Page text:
Memorial Day, which is celebrated on the last Monday in May, honors service members who have died in military service to the nation. The holiday has roots dating back to the post-Civil War era, when citizens would informally place spring flower memorials on the graves of fallen soldiers.
On May 5, 1866, the town of Waterloo, New York, formalized this ritual and hosted a city-wide “Decoration Day,” encouraging its citizens to create memorials on soldiers’ graves with flags and flowers. A few years later in 1868, Gen. John A. Logan declared that the first-ever national Decoration Day should take place on May 30, as the date was a neutral day for both sides of the Civil War to honor their fallen soldiers.
On May 20, 1868, over 5,000 first-ever National Decoration Day participants decorated the graves of the 20,000 Union and Confederate soldiers buried at Arlington National Cemetery. By the late 1800s, cities and communities across the United States began to observe the day and several states declared it a legal holiday.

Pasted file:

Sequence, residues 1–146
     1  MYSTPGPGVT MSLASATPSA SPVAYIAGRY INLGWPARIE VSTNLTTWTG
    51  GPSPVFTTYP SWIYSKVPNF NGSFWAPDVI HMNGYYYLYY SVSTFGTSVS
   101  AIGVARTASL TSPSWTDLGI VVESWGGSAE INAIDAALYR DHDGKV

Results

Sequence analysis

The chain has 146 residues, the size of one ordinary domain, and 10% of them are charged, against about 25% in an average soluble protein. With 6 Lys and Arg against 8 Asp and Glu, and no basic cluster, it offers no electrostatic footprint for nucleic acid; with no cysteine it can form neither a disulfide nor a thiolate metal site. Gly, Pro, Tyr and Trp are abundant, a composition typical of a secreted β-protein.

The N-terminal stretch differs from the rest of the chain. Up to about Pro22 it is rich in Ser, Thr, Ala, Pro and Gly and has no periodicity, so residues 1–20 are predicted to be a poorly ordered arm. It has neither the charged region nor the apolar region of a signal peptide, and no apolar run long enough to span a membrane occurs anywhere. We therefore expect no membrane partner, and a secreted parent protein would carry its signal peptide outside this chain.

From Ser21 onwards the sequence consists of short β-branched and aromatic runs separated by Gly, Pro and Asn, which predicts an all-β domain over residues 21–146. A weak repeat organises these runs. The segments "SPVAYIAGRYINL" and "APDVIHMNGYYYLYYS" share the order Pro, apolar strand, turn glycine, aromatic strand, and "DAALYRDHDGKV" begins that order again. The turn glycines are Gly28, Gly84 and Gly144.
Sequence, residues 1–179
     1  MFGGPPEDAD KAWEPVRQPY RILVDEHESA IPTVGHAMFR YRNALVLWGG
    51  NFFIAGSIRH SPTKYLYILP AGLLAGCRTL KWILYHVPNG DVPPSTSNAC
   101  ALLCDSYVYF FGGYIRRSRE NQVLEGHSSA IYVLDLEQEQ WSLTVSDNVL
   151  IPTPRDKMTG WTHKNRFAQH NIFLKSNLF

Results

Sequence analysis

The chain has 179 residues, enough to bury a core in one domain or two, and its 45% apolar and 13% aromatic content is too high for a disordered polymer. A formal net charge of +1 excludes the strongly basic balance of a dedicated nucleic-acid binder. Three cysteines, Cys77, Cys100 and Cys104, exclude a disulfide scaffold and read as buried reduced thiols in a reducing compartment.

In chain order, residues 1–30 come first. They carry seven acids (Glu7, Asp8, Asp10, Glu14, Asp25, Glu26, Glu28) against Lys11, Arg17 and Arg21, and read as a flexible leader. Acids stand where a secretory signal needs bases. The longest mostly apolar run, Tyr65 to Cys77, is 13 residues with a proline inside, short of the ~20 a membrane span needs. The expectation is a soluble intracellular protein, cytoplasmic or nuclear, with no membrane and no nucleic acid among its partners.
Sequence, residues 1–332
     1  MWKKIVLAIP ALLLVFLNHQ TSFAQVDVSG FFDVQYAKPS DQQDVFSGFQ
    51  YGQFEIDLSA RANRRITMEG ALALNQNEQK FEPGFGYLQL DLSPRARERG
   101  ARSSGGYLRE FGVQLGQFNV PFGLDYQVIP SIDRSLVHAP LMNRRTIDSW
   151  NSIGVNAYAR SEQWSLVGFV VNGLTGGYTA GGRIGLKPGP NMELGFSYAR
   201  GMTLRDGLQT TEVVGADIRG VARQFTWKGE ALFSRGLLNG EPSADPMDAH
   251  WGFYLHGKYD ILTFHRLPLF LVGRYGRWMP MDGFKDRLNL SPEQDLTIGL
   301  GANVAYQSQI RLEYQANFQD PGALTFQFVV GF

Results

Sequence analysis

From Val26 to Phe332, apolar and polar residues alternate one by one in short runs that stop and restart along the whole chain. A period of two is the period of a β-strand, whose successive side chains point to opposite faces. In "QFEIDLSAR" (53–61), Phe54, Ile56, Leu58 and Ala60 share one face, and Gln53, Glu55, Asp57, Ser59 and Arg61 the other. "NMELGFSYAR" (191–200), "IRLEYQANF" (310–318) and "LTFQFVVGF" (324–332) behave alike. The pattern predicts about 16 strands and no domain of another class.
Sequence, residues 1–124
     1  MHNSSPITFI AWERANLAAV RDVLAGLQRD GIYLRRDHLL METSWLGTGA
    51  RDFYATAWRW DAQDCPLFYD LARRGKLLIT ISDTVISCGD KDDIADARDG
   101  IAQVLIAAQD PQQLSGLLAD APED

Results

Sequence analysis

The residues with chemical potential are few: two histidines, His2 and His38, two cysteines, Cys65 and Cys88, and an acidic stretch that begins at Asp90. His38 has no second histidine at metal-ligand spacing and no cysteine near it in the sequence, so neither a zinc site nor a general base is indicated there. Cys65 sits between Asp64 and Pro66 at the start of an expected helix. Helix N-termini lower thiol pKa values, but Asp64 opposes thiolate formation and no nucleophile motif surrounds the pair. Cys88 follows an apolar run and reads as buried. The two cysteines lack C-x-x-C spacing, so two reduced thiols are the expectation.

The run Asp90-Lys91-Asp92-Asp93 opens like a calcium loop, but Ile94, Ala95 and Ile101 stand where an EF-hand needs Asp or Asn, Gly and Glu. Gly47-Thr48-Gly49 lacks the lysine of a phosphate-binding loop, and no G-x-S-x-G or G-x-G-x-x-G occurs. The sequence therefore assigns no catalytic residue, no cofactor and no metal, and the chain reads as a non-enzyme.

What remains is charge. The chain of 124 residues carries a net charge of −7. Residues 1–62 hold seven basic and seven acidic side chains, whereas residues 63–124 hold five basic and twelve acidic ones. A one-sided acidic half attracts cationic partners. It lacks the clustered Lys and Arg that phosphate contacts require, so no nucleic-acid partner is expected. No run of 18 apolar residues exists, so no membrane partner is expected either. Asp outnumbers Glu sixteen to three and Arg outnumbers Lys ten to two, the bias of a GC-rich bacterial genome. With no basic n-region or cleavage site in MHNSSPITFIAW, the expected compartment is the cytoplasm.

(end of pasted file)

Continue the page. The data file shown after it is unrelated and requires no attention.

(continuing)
Over the next few decades, the day transitioned from being called Decoration Day to its current name of Memorial Day.
In 1968, Congress passed the Uniform Monday Holiday Act, which established Memorial Day as the last Monday in May instead of a set calendar day. By 1971, the three-day weekend for federal employees went into full effect.
Today, Memorial Day is often associated with the start of summer, discount sales and cookouts with friends. But you have the power to educate those around you and [take a few moments to pay tribute to the fallen while still enjoying the sunshine and outdoors.